As planned, chip
maker designer and seller Advanced Micro Devices will today trot out some additions to its six-core "Istanbul" Opteron processors for servers, adding faster and hotter versions of the chips as well as cooler and slower ones for the energy conscious.
The Istanbul chips were launched on June 1, and AMD said back then that it would quickly bring out its so-called Special Edition (SE) high-end versions of the chips. These sport higher clock speeds, but also burn at a hotter 105 watts, compared to the standard 75 watt parts, and the so-called Highly Efficient (HE) and low-voltage Energy Efficient (EE) parts, which dissipate 55 watts and 40 watts, respectively.
The HE chips are a bin sorting to figure out which standard Opteron parts can run at a lower amperage, while the EE chips actually run at a lower voltage. The SE chips crank up the clocks and therefore the heat.
The Istanbul SE and HE parts come out today, and according to Gina Longoria, senior product manager at AMD's Server and Workstation division, the EE parts will come out later in the third quarter.
Five Istanbul chips came out in June, all rated at the 75-watt standard thermals for the current crop of Rev F Opterons, including the quad-core "Shanghai" 2300 and 8300 series. (The standard Istanbuls are shown below in italics.) Prices shown below are per-chip prices if customers buy in 1,000-unit trays.
For four-socket and eight-socket systems:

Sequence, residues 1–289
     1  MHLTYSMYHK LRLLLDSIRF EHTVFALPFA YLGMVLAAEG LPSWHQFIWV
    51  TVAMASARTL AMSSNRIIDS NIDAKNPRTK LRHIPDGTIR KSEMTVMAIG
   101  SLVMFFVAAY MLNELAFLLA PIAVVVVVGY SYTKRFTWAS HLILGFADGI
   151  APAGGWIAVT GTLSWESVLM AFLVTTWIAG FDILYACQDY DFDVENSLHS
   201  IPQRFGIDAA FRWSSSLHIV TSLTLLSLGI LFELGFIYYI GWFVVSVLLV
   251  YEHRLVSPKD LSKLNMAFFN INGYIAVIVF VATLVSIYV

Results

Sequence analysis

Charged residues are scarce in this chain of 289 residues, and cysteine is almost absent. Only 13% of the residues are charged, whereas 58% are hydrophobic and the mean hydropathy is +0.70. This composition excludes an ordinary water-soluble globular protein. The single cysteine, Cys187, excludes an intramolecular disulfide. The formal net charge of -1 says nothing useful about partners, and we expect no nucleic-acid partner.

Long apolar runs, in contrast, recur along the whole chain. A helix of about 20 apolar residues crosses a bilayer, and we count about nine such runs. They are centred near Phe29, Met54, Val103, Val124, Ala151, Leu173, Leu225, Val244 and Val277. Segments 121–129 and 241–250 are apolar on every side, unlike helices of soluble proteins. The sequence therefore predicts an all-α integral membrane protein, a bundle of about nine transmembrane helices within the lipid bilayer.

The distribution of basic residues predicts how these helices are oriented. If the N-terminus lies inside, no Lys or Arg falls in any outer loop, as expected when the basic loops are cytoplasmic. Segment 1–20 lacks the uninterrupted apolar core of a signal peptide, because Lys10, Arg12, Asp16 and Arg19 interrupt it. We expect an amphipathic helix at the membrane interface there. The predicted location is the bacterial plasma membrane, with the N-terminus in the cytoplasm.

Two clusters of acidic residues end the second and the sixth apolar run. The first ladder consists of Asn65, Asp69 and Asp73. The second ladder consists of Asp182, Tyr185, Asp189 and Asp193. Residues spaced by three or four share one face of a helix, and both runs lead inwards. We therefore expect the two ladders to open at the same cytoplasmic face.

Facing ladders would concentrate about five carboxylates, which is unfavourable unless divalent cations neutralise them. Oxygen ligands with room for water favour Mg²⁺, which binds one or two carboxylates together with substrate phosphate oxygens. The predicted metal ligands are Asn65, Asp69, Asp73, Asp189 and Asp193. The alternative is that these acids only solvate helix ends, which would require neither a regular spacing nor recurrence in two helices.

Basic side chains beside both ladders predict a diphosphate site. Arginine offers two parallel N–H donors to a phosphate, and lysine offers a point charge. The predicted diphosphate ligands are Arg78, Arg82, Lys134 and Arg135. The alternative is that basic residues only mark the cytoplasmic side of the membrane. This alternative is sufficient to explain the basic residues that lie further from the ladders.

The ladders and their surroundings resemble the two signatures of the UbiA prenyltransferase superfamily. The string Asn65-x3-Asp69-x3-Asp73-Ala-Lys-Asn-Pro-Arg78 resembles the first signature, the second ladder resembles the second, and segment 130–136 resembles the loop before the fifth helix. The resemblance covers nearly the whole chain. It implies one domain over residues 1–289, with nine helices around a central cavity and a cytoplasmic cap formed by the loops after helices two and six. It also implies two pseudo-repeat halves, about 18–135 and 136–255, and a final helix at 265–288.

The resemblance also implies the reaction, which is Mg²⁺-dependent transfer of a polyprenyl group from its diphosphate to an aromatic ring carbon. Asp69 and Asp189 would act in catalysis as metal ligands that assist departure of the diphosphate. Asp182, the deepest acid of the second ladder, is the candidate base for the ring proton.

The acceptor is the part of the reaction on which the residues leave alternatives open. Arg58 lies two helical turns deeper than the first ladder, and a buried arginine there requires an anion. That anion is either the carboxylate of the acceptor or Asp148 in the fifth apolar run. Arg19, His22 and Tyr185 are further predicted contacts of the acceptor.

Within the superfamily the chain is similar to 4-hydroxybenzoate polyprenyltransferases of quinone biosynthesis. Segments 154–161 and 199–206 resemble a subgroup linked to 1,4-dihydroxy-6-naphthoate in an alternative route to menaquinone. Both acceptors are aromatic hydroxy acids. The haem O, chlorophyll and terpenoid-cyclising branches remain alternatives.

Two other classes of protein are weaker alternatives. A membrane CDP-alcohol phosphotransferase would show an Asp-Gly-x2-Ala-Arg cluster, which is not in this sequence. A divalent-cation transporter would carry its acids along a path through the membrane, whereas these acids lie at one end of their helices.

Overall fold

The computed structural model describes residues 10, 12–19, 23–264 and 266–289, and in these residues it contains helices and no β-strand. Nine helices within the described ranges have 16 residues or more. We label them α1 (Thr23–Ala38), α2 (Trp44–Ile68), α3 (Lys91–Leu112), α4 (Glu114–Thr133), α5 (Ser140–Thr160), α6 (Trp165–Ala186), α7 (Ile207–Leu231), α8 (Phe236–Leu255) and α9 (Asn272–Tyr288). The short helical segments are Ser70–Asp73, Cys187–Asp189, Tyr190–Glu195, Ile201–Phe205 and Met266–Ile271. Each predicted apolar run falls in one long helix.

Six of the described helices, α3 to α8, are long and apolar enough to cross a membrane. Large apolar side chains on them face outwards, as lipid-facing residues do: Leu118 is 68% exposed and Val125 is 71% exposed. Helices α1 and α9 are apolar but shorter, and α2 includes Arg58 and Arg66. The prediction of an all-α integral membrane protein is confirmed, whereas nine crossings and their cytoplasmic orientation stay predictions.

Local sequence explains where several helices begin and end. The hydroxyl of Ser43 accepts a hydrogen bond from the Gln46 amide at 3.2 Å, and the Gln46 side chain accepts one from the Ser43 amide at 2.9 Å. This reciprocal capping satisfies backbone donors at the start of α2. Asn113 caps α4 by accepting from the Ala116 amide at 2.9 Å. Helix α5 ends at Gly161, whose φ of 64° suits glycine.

- Opteron 8439 SE: 2.8 GHz, $2,649
- Opteron 8435: 2.6 GHz, $2,649
- Opteron 8431: 2.4 GHz, $2,149
- Opteron 8425 HE: 2.1 GHz, $1,514
For two socket-machines:
- Opteron 2439 SE: 2.8 GHz, $1,019
- Opteron 2435: 2.6 GHz, $989
- Opteron 2431: 2.4 GHz, $698
- Opteron 2427: 2.2 GHz, $455
- Opteron 2425 HE: 2.1 GHz, $523
- Opteron 2423 HE: 2 GHz, $455
Customers will very likely be underwhelmed by the Istanbul variants of the SE - the Opteron 2439 for two-socket servers and the Opteron 8439 for four-socket and eight-socket boxes - since they only boost the clock speed by 200 MHz over the standard Opteron 8435 and Opteron 2435 parts.
In the case of the Opteron 8439 SE, AMD is charging the same $2,649 as it charges for the slower 8435, so the only penalty customers pay to use the faster SE part is that 40 extra watts for the faster chips. In the case of the Opteron 2439 SE, AMD is charging a $30 premium for that extra 200 MHz of performance compared to the standard Opteron 2435 chip.
Longoria says that data centre customers are increasingly interested in the HE parts and are happy that AMD has brought the EE parts back to life, after mothballing them into embedded products for a few years. The SE chips are now mostly used by customers where absolute performance takes precedence over thermal issues, and while that may have been a pretty big set of the customer base back in the early days of single-core and dual-core Opterons, these days, depending on the quarter, Opteron SEs only account for somewhere around 3 to 5 per cent of total Opteron shipments.